Usage in theosophy[edit]

The Star of David is used in the seal and the emblem of the Theosophical Society (founded in 1875). Although it is more pronounced, it is used along with other religious symbols. These include the Swastika, the Ankh, the Aum, and the Ouroboros. The star of David is also known as the Seal of Solomon that was its original name until around 50 years ago.

Usage in Raelism[edit]

The International Raelian Movement (IRM) uses a hexagram. The root of this symbol, according to the founder of the IRM, Rael, can be attributed to its use by genetic engineers from extrasolar planets who are allegedly the same entities referred to as Elohim. According to Rael, these space travellers came to Earth and synthesized life from non-living matter in 7 laboratory bases which contained the symbol.
Some meanings which involve particular variations of this symbol are supported by the IRM, such as "well being" (where "swastika" means "well being" in Sanskrit) and "infinity in time" (as Hindus see the swastika as a symbol for "eternal" cycles). In Raelism, the upper and lower triangles represent "as above, so below", which refers to either the likeness between the creators' past and created's future or the repeating fractal hierarchical structure in the universe. "As above so below" is also well known in Wicca as the last statement of an invocation or ritual in order to bring the change of events from the upper world to the lower world (our world).
The IRM has long-term plans to build a temple complex or embassy that would, at around the time of a Technological Singularity, and before 2035, support the arrival of prophets of major and some minor religions after a spectacular descent from an interstellar journey. Rael (or the Elohim, as Rael would put it) requires that the embassy contain the "symbol of the Elohim." The symbol initially used by the Raelian movement was the source of considerable controversy linked to a proposal to build the Raelian embassy in Israel since it resembled a hexagram with the image of a Swastika embedded in its center.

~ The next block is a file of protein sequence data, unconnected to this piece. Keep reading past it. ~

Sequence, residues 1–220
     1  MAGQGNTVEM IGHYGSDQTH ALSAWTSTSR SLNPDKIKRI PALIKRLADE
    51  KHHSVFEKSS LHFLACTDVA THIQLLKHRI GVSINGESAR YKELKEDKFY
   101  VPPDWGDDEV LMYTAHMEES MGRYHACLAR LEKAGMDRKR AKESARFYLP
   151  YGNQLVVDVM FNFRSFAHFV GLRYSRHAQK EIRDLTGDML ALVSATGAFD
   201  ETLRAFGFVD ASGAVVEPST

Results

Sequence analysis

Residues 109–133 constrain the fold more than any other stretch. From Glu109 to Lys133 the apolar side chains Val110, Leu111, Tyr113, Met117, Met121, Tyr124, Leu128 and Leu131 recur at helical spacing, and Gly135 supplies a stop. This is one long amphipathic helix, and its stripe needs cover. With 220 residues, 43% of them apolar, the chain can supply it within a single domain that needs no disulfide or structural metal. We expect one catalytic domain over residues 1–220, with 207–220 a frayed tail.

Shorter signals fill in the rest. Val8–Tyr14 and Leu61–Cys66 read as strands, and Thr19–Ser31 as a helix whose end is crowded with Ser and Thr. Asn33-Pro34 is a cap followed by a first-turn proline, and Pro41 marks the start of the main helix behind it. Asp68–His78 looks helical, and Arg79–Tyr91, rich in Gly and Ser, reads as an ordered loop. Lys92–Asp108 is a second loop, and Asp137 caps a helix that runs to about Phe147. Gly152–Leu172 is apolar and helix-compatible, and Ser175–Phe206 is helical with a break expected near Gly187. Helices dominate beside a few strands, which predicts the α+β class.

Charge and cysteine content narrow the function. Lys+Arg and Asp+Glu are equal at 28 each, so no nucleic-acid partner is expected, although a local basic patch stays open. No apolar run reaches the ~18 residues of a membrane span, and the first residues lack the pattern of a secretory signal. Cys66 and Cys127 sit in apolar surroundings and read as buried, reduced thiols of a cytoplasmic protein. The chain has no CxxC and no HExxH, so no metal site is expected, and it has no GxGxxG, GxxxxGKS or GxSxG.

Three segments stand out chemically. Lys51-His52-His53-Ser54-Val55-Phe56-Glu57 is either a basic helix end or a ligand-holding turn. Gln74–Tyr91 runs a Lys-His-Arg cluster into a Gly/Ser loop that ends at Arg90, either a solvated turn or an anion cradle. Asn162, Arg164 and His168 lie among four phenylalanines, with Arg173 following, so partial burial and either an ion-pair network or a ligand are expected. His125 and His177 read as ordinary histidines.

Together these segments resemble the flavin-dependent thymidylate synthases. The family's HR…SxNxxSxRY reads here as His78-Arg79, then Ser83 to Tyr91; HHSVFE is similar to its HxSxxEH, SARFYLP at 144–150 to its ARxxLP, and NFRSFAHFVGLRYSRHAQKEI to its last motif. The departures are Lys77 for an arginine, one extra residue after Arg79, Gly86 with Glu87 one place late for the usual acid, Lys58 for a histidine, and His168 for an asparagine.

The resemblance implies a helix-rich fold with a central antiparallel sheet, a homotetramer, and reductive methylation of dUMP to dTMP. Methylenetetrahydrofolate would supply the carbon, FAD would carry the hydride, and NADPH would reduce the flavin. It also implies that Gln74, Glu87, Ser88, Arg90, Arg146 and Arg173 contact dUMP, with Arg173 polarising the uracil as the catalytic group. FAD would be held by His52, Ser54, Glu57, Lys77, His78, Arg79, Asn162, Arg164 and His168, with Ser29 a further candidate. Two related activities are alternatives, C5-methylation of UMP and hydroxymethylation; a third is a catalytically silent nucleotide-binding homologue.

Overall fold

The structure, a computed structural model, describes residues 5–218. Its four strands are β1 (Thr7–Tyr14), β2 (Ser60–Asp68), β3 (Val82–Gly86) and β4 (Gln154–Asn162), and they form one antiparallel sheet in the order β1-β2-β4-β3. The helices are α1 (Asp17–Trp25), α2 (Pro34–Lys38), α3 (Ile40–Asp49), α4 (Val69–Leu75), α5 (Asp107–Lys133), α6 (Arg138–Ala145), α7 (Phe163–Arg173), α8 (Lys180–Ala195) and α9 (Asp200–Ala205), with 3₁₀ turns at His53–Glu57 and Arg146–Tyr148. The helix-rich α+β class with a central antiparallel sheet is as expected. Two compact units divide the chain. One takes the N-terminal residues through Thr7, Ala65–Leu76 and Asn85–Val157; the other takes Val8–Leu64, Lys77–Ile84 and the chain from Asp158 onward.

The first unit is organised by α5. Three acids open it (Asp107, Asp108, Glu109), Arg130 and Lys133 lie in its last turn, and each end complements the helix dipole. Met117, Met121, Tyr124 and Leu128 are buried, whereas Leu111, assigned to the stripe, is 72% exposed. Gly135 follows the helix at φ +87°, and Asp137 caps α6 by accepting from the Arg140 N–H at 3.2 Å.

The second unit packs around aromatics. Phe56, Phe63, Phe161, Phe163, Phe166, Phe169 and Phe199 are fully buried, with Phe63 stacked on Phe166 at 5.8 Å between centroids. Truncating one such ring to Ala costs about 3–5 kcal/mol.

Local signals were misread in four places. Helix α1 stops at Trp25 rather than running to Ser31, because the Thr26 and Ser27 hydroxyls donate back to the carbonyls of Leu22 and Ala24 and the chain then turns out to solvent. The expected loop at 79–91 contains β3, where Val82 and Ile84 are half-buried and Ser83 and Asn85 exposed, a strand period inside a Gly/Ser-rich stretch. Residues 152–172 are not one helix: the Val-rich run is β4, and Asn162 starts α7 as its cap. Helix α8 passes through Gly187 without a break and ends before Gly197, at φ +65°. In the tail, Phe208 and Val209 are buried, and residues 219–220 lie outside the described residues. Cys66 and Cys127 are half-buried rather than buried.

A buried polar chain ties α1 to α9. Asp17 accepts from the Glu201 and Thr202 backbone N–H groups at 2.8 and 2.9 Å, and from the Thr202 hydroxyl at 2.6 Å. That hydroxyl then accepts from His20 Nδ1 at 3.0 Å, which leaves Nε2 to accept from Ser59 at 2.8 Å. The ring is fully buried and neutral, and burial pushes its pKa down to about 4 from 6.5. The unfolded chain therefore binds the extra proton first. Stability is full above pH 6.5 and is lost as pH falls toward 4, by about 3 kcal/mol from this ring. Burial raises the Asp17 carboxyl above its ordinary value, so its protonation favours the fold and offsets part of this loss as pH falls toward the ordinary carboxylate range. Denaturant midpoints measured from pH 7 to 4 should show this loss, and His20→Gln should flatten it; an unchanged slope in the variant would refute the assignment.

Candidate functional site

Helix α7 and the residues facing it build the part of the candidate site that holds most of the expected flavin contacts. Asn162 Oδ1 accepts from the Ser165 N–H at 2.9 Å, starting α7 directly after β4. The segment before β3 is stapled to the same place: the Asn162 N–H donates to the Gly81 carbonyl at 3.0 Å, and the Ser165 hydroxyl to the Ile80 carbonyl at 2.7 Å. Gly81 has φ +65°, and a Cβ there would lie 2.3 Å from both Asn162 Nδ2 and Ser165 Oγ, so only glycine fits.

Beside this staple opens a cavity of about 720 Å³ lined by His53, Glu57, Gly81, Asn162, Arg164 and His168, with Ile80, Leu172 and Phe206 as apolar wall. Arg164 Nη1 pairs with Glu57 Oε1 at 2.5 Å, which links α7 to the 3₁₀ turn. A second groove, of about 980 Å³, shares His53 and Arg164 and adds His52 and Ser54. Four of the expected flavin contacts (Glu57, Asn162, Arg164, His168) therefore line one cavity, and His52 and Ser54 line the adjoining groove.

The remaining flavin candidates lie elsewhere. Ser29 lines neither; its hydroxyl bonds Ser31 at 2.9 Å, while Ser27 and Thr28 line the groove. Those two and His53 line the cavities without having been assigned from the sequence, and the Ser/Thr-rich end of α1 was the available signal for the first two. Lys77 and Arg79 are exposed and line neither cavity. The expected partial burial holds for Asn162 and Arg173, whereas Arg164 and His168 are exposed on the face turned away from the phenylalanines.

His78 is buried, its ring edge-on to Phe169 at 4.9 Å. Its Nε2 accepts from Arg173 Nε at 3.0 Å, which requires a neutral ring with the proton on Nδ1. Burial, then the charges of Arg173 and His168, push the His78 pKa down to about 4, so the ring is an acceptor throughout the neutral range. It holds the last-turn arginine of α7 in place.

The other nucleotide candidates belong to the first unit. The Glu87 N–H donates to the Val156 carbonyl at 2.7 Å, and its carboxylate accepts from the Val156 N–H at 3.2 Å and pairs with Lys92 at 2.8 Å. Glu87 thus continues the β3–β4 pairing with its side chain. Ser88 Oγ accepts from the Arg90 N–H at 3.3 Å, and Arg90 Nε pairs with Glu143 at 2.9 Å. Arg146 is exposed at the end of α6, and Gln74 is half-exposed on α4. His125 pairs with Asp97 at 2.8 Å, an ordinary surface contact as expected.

Usage in Occultism[edit]

The hexagram, like the pentagram, was and is used in practices of the occult and ceremonial magic and is attributed to the 7 "old" planets outlined in astrology.
The six-pointed star is commonly used both as a talisman[6] and for conjuring spirits and spiritual forces in divers forms occult magic. In the book The History and Practice of Magic, Vol. 2, the six-pointed star is called the talisman of Saturn and it is also referred to as the Seal of Solomon.[7] Details are given in this book on how to make these symbols and the materials to use.
Double hexagram.
Traditionally, the Hexagram can be seen as the combination of the four elements. Fire is symbolized as an upwards pointing triangle, while Air (its elemental opposite) is also an upwards pointing triangle, but with a horizontal line through its center. Water is symbolized as a downwards pointing triangle, while Earth (its elemental opposite) is also a downwards pointing triangle, but with a horizontal line through its center. When you combine the symbols of Fire and Water, a hexagram (six-pointed star) is created. The same follows for when you combine the symbols of Air and Earth. When you combine both hexagrams, you get the double-hexagram. Thus, a combination of the elements is created.[8]